ABS 2022
Phenotypic plasticity and carryover effects: Across life-stage tradeoffs in predation and parasitism
Eric M Trotman, Carl N Keiser . University of Florida, Gainesville , Fl, United States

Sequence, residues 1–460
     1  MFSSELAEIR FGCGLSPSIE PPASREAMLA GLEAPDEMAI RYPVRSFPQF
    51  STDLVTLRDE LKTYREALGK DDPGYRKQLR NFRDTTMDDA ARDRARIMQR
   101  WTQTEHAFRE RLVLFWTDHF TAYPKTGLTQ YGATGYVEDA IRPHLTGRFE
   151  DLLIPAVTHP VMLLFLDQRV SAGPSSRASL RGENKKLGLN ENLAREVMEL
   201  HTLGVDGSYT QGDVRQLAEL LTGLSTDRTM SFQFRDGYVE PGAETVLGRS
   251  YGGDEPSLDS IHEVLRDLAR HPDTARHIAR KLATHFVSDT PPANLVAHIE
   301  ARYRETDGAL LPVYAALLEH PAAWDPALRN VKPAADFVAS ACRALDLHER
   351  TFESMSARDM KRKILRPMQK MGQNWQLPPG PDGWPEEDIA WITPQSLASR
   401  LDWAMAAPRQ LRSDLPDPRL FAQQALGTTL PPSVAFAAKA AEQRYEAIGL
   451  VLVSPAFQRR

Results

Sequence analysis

Inducible antipredator defenses have been described in many taxa. Behavioral and morphological phenotypes developed in one stage provide defense against enemies at that stage but may leave individuals disadvantaged in subsequent life stages. Little is known about the degree to which predator-parasitism tradeoffs extend across life stages. Animals that undergo metamorphosis provide a unique opportunity to explore these “carryover tradeoffs”, wherein exposure to stressors early in life may induce tradeoffs in subsequent stages. I synthesized published studies on inducible anti-predator defenses and their carryover effects and propose a novel framework for carryover tradeoffs in predation risk and parasitism. I used amphibians to explore how carryover tradeoffs inform conservation efforts like translocation and ex-situ captive-breeding programs. We found direct evidence for within-life stage tradeoffs between predation and parasitism in many studies, as well as direct evidence for cross-developmental tradeoffs within a single context. However, we only found indirect evidence for carryover tradeoffs in amphibians, highlighting the need for more experimental tests of this hypothesis.